What is an electric car?

What is an electric car?

Tesla Model 3 Elon Musk

If you’re on the hunt for a new car (or even a used one, come to think of it) for the first time in a blue moon, it won’t have escaped your attention that electric cars are now everywhere.

Virtually every mainstream manufacturer either has a range of electric cars on sale already, or will do in the very near future. Not least because the sale of new petrol and diesel vehicles is set to be outlawed in 2030. Even hybrids – which mix engines with electric power – will be banned by 2035. Nope, emissions really aren’t trendy any more.

Anyway, those deadlines mean lots of people are now at the start of what we’ll regrettably refer to as their ‘electric car journey’ (ugh), and so will be asking themselves questions like ‘What is an electric car, exactly?’ and ‘How do electric cars work?’

You may be among them. If so, congratulations! You’re in the right place to have your most pressing electric car questions answered. Keep scrolling and we’ll bring you up to speed with the very basics of this exciting new land on the Planet Car map…

What’s an electric car? And what’s an EV?

Let’s start at the very beginning: an electric car is very simply any car that uses electricity as its primary source of propulsion. Instead of an engine and fuel tank, most electric cars use one or more electric motors to generate propulsion, which are fed by a battery; much like the one you’ll find in your smartphone. Only bigger. Much bigger.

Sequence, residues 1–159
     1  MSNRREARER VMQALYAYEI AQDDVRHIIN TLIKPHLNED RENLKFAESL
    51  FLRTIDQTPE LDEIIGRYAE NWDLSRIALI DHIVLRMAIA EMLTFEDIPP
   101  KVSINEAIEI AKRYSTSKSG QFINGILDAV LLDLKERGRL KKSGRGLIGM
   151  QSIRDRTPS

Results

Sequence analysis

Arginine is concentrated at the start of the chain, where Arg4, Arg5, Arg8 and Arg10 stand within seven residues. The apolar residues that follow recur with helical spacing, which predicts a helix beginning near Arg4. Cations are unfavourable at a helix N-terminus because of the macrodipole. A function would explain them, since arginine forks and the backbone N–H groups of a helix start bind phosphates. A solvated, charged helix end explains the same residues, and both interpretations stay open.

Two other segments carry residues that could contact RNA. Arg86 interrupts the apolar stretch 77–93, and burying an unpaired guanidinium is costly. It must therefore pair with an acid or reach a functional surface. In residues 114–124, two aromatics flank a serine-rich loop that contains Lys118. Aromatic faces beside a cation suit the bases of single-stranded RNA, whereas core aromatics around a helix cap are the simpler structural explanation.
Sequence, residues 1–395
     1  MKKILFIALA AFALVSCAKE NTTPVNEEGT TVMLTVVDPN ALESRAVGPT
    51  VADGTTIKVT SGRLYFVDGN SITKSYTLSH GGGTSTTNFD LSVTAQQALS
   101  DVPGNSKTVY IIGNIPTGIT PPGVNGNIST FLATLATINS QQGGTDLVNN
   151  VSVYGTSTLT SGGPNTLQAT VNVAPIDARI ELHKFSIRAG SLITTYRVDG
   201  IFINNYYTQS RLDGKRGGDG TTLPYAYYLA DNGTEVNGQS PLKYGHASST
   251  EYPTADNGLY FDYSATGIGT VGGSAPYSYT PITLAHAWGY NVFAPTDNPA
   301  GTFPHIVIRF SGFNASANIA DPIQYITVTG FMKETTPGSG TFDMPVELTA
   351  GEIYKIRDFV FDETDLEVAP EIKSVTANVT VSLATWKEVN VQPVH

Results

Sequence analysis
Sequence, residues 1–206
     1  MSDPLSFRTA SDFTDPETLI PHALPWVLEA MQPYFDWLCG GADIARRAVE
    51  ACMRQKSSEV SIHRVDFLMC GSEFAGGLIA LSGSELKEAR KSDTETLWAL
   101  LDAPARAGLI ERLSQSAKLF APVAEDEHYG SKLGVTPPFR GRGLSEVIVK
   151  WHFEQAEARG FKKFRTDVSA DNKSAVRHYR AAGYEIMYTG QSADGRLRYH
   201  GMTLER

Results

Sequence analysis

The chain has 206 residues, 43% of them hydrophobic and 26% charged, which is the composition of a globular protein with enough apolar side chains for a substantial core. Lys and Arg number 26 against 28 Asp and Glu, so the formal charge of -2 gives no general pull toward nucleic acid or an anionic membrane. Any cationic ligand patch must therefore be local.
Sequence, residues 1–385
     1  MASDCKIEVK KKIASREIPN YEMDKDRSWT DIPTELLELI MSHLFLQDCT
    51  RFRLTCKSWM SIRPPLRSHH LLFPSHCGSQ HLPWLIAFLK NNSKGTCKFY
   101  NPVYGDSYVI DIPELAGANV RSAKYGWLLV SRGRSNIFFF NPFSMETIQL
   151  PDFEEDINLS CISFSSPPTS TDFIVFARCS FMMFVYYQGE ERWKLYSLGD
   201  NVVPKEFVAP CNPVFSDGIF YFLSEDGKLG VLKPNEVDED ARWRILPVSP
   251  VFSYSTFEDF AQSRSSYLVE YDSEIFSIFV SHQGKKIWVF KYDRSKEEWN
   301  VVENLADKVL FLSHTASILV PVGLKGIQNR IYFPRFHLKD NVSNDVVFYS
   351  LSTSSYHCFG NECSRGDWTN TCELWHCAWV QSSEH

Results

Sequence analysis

‘EV’ stands for ‘electric vehicle’, and the shorthand version has become common parlance among car-writing types who easily get fed up of typing out ‘electric vehicle’ every time it comes up. Lazy so and so’s, eh?

And what does BEV mean?

Ah, BEV is merely an extension of EV meaning ‘battery electric vehicle’. This term is usually deployed to differentiate between various types of ‘electrified’ vehicle, as in those that have an electric component in the powertrain but aren’t themselves fully electric. Ever heard the phrases ‘self-charging hybrid’ or ‘plug-in hybrid’? Yup, those are not BEVs.

The battery in an electric vehicle is usually (but not always) located in the floor of the car, and comprises hundreds (if not thousands) of individual cells. You charge an electric car by plugging it into a socket via a cable, again much like your phone.

How do electric cars work?

Not all electric-car set-ups are the same, but generally speaking electric cars work by using energy stored in a battery to feed one or more electric motors to provide drive. Mechanically speaking they are much simpler than internal combustion powertrains as they feature only one moving part, with motors harnessing the force that’s generated by running a current through a magnetic field (yup, electromagnetism, physics fans).

Almost all electric cars make do without a gearbox, which means there’s no clutch pedal; just a brake and an accelerator. So they drive like automatics, even though, technically, they aren’t.

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